While some think the Trump Administration will withdraw from U.S. commitments under the pact, it’s not clear how easy it will be to do so, said Seth Borenstein, a science writer at the Associated Press. According to Article 28 of the Paris Agreement, a party must wait at least three years after the agreement enters into force to withdraw, which would be November 4, 2019, for the United States. The withdrawal would then go into effect one year after notification of withdrawal.

It may be possible for the White House to circumvent this rule by withdrawing from the United Nations Framework Convention on Climate Change (UNFCC) entirely, the treaty under which the Paris Agreement was negotiated, said Borenstein. Withdrawal from the UNFCCC would only take a year, but it’s unclear if the president has the authority to do so, as he may need to seek the consent of Congress.

Another option would be to simply dial back U.S. commitments or decide not to fulfill them. It is a non-binding agreement and “there is no international climate court out there,” Borenstein said.

In whatever form, backtracking on the climate deal would substantially affect how other countries deal with the United States, Borenstein said. Countries may adjust their stances in tariff negotiations or access to military bases, for example. He added that “the United States withdrawing does not cancel the Paris Agreement… It essentially cedes leadership over to other countries.”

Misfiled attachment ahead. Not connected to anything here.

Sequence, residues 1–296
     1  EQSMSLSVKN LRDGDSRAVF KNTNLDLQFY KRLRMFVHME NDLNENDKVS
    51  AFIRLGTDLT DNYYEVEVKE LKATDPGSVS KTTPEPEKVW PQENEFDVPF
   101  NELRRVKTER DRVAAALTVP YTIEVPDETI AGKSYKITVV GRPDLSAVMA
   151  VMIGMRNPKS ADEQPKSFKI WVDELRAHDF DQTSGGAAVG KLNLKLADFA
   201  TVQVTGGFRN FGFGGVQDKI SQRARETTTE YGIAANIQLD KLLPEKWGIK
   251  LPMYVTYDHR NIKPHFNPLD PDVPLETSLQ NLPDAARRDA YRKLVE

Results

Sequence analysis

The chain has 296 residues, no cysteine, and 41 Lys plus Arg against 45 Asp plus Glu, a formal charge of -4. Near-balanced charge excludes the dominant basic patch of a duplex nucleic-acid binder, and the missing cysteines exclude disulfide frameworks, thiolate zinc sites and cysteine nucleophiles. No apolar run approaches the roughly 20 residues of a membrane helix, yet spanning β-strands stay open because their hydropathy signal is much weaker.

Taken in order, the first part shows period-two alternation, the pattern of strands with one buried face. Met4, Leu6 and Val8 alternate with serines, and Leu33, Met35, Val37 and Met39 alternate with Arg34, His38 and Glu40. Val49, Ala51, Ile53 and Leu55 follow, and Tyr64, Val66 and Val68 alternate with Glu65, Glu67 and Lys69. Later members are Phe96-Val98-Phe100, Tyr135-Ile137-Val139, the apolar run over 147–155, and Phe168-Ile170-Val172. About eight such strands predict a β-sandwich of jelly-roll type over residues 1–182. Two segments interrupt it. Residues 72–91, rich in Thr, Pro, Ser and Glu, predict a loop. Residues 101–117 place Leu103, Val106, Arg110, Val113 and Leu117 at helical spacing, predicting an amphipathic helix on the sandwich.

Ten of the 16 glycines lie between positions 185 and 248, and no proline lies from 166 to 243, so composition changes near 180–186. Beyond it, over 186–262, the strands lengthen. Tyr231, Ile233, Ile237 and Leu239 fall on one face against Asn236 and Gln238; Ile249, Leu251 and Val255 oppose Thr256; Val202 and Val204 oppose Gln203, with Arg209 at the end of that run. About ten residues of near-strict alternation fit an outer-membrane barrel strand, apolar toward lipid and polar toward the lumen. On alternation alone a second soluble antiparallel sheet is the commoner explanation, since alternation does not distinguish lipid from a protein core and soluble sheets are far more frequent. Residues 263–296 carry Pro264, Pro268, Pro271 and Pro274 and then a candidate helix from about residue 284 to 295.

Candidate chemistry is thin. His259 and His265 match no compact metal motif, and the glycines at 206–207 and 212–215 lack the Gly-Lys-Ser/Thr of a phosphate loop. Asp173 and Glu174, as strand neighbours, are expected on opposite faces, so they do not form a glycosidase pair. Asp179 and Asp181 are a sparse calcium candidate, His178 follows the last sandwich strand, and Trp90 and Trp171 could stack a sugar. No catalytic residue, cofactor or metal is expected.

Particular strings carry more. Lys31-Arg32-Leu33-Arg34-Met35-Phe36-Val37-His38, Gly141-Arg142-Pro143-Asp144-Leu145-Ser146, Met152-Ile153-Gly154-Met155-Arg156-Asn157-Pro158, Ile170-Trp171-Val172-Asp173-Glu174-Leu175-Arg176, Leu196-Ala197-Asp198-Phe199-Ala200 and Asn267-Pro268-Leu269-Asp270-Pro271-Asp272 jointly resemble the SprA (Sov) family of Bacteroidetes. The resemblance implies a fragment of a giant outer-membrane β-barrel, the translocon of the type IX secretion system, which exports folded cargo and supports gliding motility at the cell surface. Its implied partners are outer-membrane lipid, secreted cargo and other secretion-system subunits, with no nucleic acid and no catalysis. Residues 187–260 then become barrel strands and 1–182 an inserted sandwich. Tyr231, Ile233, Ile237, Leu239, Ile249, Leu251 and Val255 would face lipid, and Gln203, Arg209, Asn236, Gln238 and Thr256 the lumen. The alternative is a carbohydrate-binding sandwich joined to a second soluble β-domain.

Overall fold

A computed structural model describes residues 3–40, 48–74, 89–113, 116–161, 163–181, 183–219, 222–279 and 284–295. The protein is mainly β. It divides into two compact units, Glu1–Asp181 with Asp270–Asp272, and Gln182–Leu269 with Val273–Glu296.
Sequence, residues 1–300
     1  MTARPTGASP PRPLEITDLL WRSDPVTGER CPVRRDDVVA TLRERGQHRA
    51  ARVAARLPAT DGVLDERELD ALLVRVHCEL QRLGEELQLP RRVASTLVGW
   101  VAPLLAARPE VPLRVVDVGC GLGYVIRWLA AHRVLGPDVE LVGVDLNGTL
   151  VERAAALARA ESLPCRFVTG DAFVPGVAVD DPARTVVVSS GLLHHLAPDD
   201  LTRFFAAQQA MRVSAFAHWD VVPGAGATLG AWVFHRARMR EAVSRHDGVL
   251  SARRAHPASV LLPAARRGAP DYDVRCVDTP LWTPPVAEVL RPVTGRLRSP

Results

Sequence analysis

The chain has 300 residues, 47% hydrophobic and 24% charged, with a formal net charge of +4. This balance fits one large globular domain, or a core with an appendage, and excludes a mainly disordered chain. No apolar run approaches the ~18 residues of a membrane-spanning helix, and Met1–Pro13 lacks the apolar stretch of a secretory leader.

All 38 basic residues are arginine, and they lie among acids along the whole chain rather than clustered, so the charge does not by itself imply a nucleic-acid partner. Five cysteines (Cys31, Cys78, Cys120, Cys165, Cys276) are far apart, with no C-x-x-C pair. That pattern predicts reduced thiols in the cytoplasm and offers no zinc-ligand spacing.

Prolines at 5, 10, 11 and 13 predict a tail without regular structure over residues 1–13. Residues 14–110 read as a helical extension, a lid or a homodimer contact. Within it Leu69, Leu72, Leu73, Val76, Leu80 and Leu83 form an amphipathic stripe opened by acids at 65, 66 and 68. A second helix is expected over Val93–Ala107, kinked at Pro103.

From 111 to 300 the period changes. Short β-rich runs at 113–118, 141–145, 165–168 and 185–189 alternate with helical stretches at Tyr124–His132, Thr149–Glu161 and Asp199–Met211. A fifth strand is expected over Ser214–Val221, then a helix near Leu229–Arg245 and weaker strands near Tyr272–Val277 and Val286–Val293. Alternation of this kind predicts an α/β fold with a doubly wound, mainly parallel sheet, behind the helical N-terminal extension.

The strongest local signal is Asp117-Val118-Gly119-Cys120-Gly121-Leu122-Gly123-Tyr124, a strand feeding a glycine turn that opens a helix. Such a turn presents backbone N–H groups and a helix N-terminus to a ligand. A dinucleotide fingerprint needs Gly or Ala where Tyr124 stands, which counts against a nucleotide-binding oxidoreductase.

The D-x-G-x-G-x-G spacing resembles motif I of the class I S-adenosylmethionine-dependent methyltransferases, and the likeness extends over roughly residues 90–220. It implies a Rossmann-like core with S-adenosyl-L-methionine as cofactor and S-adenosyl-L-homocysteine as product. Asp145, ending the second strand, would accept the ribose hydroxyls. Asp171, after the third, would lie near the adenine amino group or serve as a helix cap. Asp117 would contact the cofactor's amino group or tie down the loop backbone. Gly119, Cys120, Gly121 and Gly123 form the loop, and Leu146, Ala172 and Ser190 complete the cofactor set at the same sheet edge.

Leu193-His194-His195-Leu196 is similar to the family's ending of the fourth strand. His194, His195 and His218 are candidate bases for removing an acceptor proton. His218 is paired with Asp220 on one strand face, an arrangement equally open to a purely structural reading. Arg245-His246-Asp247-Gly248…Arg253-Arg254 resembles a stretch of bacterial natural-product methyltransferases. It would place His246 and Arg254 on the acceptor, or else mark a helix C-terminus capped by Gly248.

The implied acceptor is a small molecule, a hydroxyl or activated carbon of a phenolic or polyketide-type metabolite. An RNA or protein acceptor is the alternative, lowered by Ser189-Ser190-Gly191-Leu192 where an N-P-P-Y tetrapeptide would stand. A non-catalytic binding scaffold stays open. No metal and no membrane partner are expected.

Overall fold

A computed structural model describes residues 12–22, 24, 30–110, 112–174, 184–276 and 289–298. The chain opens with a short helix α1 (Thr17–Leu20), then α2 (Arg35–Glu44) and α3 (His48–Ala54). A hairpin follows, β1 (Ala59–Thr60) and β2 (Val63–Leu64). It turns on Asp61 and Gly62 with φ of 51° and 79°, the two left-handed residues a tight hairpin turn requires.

The fate of U.S. involvement in the Paris Agreement appears to be an unsettled question, said Magill, as new Secretary of State Rex Tillerson has suggested that the United States should remain a party in order to have a “seat at the table.”

Should the United States retreat, Mike Gaworecki, a staff writer and editor at Mongabay, said China is the most likely candidate to take over a global leadership role. China has scaled back coal use, as it struggles to control its smog problems. “We’ve kind of seen China walking the talk,” he said.

Domestically, unlike past Republican administrations, John Siciliano, an energy and environment correspondent at the Washington Examiner, predicted the Trump Administration will not push an alternative climate policy. “There’s not going to be a clean energy program under Donald Trump.”

Journalists' Guide to Energy & Environment 2017

Water, Water (Problems) Everywhere

In some volatile regions, there is increasing concern that water shortages are contributing to instability, said Amena Saiyid, a water reporter for Bloomberg BNA. “One of the stories that doesn’t get as much play is how much of a shortage there is,” she said.